Soundtrack review: The Belko experiment (Tyler Bates – 2017)
“The Belko Experiment” is a 2016 American horror film directed by Greg McLean and written by James Gunn. The film stars John Gallagher Jr., Tony Goldwyn, Adria Arjona, and Melonie Diaz.. In a twisted social experiment, eighty Americans are locked in their high-rise corporate office in Bogotá, Colombia, and ordered by an unknown voice coming from the company’s intercom system to participate in a deadly game of kill or be killed.The score was written by Tyler Bates.
Now if I were to have a movie with a frantic violent pace Tyler would be at the top of my list because he knows how to write rock and industrial / electronic mayhem. He proved it with the John Wick scores and with his work with Marilyn Manson. The key word here is darkness, suffocating darkness and I start feeling uncomfortable right from the first cue “Security”. It’s not madness yet, just suspense with a constant ticking pace that starts picking un in “The building is sealed”. This is the industrial discomfort I was expecting from Tyler Bates. In “Strange situation” I hear that special thick metallic ambient sound that had so much success in the Charlie Clouser’s scores for the “Saw” franchise. The music is quieter than I expected but maybe the movie is based more on suspense than on violence. The downside of this is that the score doesn’t always work as well as a standalone listen as it does in the movies because dense suspense like this needs a bit of support from the images.
Tyler Bates turns his music into grounded glass which he spreads on the floor and walls before turning off the lights. There is barely anything melodic in this score because, of course, a melody would be warm and pleasant to hear and it would ruin the atmosphere of terror. The story relies on the unknown, unknown of the situation, unknown of the reactions of the others and Tyler Bates expresses this through his music by experimenting with different sounds; while the general soundscape of the score stays the same, there are the little extra touches in almost every cue. There are times when the sound gets almost unbearable, so extremely efficient, like in “One body short”.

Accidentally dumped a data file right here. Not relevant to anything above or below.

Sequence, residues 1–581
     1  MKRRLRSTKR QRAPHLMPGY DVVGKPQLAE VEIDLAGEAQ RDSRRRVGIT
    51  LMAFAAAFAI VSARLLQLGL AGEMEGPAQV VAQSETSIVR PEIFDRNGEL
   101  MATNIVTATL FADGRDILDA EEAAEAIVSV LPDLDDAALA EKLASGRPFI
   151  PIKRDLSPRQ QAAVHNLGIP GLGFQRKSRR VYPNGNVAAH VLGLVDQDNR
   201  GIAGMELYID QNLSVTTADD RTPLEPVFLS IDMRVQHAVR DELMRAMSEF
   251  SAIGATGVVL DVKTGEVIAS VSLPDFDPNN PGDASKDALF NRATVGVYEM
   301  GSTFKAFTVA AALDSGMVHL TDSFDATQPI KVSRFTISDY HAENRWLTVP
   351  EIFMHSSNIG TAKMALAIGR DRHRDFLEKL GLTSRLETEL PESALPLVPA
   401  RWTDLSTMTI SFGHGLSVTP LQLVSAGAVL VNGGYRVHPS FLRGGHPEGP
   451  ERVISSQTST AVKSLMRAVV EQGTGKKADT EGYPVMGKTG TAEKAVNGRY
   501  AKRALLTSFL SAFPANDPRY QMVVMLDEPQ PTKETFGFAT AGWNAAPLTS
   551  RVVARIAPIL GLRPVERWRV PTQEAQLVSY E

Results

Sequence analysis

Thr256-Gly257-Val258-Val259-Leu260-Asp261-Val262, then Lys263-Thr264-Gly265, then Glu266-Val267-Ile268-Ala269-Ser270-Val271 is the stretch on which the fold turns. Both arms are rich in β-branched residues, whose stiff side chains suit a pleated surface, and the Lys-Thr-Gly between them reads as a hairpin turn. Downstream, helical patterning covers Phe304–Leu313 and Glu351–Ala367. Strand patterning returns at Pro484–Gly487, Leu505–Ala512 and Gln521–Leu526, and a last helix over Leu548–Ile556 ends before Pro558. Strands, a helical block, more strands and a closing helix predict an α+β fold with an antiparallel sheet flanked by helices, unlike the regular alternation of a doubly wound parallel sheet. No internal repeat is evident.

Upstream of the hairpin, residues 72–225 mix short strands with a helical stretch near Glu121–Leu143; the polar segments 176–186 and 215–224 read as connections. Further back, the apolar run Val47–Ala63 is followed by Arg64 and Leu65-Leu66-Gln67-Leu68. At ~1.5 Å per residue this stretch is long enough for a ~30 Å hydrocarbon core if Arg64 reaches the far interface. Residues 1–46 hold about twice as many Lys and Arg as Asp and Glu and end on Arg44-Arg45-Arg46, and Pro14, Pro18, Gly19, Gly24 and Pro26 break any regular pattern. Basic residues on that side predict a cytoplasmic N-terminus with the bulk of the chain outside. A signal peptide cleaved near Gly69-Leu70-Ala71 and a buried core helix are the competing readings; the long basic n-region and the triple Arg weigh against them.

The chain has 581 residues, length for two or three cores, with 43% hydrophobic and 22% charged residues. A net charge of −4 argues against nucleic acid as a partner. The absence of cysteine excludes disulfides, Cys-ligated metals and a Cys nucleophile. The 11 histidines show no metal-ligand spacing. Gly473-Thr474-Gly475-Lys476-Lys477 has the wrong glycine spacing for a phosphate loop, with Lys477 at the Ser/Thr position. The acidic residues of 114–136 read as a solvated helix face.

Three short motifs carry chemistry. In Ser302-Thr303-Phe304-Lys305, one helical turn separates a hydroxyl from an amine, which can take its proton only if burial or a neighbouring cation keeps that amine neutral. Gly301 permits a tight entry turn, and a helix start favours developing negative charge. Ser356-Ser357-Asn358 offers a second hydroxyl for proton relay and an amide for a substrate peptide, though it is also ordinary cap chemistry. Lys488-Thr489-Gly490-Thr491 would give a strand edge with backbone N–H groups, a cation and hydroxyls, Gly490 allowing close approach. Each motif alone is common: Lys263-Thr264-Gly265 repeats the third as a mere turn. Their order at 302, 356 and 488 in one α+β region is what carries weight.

“The Belko experiment” wasn’t a horror score per se, more of an atmospheric score where the atmosphere is as comfortable as a barbed wired bed. The music was written specifically for this movie and I am sure I will enjoy it even more in context. I imagine though the movie will be even bleaker than expected considering how little moments of emotion this score had.
Cue rating: 77 / 100
Total minutes of excellence: 3 / 29
Album excellence: 10%
The Building Is Sealed